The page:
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Analysis of genetic diversity in cultivated jute determined by means of SSR markers and AFLP profiling.

AT THE END of the 18th century, Roxburg identified jute (Corchorus spp. 2n = 14) as an alternative to European hemp (Cannabis sativa L.) (Ghosh, 1983, p. 23-47). Jute is comprised of two cultivated species, Corchorus capsularis L. and C. olitorius L. Jute cultivation was initiated about 200 yr ago in localized agro climatic zones in the tropics that had high rainfall and plenty of retting water. The two species are distinct in their growth habitat, branching habit, and characteristics relating to leaf, flower, fruit, seed, bast fiber, and photosensitivity.

Jute is the second most important fiber crop after cotton (Gossypium hirsutum L. and Gossypium arboreum L.) on the Indian subcontinent. The crop has considerable commercial significance for the generation of diversified value-added industrial products, in addition to its immense potential for industrial production of packaging material. However, the crop demands the immediate attention of plant breeders. The available elite cultivars are essentially the products of pure line selection from a few common accessions. It has also been indicated that each of the two jute species contain very limited genetic variability with respect to (i) adaptability to different agronomic environments, (ii) fiber quality, (iii) fiber yield, and (iv) susceptibility to diseases and pests (Lafarge et al., 1997). Additionally, the two cultivated jute species do not cross-fertilize, possibly because of the presence of a strong sexual incompatibility barrier between them (Patel and Datta, 1960; Swaminathan et al., 1961). The Indian Council of Agricultural Research, New Delhi, has maintained more than 1450 C. olitorius and about 830 C. capsularis accessions of the IJO since 1993 (Palit et al., 1996). It is expected that this repository would provide valuable genetic variability that could be utilized by plant breeders.

For any meaningful plant-breeding program, accurate estimates of genetic diversity and partitioning within and between gene pools are important considerations. Estimation of genetic diversity and genetic advance of 192 C. olitorius and 216 C. capsularis accessions of IJO, inclusive of certain induced mutation lines of Indian cultivars has been reported (Palit et al., 1996). The estimation was based on four morpho-physiological attributes that are related to yield characters. Often estimations of genetic variability based on morphological traits have the disadvantages of being influenced by both environmental and genetic factors and may therefore not provide an accurate measure. With the availability of molecular-marker based techniques, the scope for characterization of genetic diversity in jute at the DNA level presents immense opportunities. Recently, random amplified polymorphic DNA (RAPD) analysis has been conducted on certain jute cultivars from Bangladesh (Hossain et al., 2002) of the two species, revealing polymorphism. However, the IJO collection of the jute germplasm has remained untested.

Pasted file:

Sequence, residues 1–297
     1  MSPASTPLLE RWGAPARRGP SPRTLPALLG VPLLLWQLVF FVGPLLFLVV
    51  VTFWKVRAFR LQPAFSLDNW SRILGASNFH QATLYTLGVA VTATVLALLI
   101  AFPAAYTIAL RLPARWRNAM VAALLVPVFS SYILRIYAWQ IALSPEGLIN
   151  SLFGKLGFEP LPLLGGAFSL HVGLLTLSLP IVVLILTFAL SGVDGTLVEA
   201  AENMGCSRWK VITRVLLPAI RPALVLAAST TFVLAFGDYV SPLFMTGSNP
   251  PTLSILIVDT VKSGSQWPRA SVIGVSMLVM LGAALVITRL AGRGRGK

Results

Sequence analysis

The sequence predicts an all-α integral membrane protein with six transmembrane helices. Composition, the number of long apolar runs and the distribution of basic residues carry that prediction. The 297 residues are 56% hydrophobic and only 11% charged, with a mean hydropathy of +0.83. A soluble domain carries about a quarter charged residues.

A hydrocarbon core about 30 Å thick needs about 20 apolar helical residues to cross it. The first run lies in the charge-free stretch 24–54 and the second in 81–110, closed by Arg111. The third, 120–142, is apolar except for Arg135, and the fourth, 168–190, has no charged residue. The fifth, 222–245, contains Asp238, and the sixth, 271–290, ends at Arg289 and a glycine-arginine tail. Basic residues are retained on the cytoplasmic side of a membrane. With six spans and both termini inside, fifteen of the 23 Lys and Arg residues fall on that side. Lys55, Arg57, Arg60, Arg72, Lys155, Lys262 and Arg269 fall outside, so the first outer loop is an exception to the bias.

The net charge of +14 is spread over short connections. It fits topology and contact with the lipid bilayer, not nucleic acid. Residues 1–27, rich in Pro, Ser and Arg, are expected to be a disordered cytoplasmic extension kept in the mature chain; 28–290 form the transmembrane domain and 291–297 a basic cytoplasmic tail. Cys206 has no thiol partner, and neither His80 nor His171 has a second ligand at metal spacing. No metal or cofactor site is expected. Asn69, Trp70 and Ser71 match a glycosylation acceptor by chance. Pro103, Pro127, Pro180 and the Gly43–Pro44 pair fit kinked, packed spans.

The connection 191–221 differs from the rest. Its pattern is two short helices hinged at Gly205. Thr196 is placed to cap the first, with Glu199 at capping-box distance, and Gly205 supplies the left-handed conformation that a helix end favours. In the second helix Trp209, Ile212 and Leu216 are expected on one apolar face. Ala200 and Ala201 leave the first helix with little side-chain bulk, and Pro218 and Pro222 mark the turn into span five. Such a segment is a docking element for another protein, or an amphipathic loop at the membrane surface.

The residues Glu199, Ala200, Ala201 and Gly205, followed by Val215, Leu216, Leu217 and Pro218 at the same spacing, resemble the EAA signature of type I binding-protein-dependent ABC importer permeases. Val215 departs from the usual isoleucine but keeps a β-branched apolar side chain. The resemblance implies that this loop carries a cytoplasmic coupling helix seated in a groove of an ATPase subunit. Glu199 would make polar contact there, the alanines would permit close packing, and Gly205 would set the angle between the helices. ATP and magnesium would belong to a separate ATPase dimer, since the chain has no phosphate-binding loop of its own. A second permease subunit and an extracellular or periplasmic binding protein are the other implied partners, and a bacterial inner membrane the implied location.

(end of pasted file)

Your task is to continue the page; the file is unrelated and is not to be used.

For a comprehensive analysis of a plant population, nuclear as well as chloroplastic and mitochondrial genomes need to be evaluated. In plants, chloroplastic and mitochondrial genomes exhibit different patterns of genetic differentiation compared with nuclear alleles because of their generally uniparental mode of transmission. The chloroplastic genome is highly conserved and has a much lower mutation rate than plant nuclear genomes. Analysis of the chloroplastic genome can provide information on the population dynamics of plants that is complementary to that obtained from the nuclear genomes. Length polymorphism at chloroplast simple sequence repeat (cpSSR) loci has been used as a high-resolution assay system for population, genotyping, and systematic studies (Powell et al., 1995a, 1995b, 1996a; Provan et al., 1996, 1997) and also for tracing the origin of plant species (Ribeiro et al., 2002). Estimation of chloroplastic genomic variability has also been evidenced by cross-species amplification of cpSSR markers (Thomas and Scott, 1993; Provan et al., 1996). On the other hand, amplified fragment length polymorphism (AFLP) is a high multiplex PCR-based system (Vos et al., 1995). It has the potential to generate large numbers of polymorphic loci (Vogel et al., 1994; Powell et al., 1996b) and has been successfully adapted in genetic diversity studies in many plant species including rice (Oryza sativa L.) (Mackill et al., 1996), lettuce (Lactuca biennis L.) (Hill et al., 1996), soybean [Glycine max (L.) Merrill] (Maughan et al., 1996), tea (Camellia sinensis L.) (Paul et al., 1997), barley (Hordeum vulgare L.) (Ellis et al., 1997), Arabidopsis thaliana (L.) Heynh. (Mayashita et al., 1999; Breyne et al., 1999), eggplant (Solanum melongena L.) (Mace et al., 1999), and willows (Salix spp.) (Barker et al., 1999). The two methods of analyses are expected to detect and quantify genetic variations present in two different target genomes of the same biological system where the mechanisms that govern genetic variation are independent of each other. The objective of this study was to evaluate the genetic diversity available in the cultivated species of jute.